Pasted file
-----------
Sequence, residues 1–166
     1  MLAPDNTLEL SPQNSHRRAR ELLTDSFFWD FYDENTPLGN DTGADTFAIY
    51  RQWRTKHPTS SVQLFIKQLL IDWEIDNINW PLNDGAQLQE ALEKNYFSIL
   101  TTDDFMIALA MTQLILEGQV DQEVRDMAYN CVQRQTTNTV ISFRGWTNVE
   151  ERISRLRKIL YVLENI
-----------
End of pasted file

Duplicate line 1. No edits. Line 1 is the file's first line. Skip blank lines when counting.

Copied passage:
Sequence, residues 1–166